While in maximum security for juveniles, located in Joliet, Illinois, I received a visit from the Head of the State Appellate Defender’s Office, Mr. Theodore A. Gottfried. Mr. Gottfried assured me that I would get a new trial.

In April of 1980, the Third District Appellate Court, ruled unanimously that the confession was illegal, my case was reversed and remanded back to the 10th Judicial Circuit of Peoria County, Illinois. The State appealed, and the Illinois Supreme Court and the United States Supreme Court agreed with the Appellate Court’s decision.

Michael Mihms, former State’s Attorney of Peoria County in 1977, now Chief Justice of the United States Central District Court, located in Peoria, Illinois said, “ ...Without the confession its impossible to retry Johnnie Savory, so that’s it, he won’t be retried.” Peoria Journal Star News Paper (1981)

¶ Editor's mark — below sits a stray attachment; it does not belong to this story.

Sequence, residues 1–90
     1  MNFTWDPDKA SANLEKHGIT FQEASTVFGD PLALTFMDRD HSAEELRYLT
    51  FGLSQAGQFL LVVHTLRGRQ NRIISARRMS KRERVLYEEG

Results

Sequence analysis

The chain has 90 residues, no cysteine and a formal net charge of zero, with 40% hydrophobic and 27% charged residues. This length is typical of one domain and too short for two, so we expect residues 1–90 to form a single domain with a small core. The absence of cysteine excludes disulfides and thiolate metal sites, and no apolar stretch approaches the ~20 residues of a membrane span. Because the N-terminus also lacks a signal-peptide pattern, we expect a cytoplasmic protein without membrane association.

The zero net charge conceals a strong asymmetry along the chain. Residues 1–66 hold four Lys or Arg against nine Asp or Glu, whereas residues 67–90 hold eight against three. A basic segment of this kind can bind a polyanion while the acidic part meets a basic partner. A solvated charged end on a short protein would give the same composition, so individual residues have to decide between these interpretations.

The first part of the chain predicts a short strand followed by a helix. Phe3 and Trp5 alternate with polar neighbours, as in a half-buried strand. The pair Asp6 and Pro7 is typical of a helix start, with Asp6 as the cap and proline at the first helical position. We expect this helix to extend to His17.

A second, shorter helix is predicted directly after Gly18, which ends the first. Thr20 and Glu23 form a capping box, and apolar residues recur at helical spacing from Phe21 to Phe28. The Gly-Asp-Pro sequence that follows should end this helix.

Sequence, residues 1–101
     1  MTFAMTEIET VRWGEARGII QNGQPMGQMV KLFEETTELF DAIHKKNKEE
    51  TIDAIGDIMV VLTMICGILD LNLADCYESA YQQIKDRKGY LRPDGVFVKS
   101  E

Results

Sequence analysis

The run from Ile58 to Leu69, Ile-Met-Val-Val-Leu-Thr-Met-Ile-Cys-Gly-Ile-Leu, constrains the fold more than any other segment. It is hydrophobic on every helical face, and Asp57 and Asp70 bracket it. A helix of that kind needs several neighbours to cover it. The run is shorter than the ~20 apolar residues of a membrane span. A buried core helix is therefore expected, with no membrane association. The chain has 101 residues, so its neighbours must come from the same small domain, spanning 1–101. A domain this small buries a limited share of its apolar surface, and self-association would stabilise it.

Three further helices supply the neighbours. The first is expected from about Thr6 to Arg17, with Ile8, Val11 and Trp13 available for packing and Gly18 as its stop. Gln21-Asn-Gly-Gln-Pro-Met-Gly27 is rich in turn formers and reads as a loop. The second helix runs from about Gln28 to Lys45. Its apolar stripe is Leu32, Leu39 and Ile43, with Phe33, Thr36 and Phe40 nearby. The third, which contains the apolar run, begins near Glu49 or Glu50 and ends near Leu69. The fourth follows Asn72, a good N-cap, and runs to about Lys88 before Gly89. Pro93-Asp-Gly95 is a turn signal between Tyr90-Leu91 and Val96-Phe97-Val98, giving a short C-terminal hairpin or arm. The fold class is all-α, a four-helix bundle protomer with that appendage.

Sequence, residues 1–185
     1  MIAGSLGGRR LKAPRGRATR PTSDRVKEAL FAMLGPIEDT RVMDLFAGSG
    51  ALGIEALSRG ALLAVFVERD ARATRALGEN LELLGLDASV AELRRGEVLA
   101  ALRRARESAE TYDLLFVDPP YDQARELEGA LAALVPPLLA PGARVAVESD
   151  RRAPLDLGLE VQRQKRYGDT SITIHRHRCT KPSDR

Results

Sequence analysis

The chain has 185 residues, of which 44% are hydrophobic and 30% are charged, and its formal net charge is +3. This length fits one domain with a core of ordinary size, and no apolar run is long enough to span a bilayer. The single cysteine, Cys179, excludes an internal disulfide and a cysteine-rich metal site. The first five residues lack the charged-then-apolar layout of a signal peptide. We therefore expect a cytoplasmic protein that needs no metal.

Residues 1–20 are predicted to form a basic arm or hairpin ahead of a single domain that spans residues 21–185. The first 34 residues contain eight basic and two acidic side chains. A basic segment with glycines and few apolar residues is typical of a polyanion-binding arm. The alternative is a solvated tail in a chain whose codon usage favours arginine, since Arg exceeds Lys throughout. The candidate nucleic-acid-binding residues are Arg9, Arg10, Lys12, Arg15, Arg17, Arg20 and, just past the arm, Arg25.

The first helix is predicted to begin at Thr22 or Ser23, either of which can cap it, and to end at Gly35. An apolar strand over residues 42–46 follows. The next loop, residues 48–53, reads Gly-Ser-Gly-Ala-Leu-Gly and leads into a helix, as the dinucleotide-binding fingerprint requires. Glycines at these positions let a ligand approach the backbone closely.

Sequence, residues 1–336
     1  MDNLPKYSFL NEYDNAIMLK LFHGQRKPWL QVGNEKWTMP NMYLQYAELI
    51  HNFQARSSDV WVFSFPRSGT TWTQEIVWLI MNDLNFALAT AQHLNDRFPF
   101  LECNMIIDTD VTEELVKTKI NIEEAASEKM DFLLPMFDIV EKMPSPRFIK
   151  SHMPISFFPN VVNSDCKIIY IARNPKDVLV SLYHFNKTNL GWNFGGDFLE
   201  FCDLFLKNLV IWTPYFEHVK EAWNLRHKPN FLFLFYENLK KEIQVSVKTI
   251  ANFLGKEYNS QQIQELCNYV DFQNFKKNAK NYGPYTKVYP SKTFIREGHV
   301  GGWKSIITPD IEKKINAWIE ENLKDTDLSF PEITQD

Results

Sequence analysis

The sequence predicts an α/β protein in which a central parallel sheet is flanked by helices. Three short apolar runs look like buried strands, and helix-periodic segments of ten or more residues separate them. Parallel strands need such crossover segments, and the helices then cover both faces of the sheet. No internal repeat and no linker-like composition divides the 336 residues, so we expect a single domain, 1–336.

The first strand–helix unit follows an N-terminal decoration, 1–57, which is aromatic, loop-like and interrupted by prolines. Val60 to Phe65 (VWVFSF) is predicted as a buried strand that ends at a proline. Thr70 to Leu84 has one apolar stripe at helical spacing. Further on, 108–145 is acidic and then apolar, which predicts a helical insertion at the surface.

John Barra, State’s Attorney of Peoria County in 1981 was quoted: “...Without the confession, there is no evidence to tie Savory to the crime, or the scene of the crime.” Peoria Journal Star News Paper (1981)

In February 1981, I was brought back to Peoria, Illinois to stand trial or be freed. Moreover, there was no evidence and no witnesses to testify. Approximately 6 weeks after my return, the state produced three witnesses from the same family. Ella, Tina and Frankie Ivy, all claimed that I made admissions to each of them regarding the deaths of the victims on separate occasions on the day of the murder (January 18, 1977).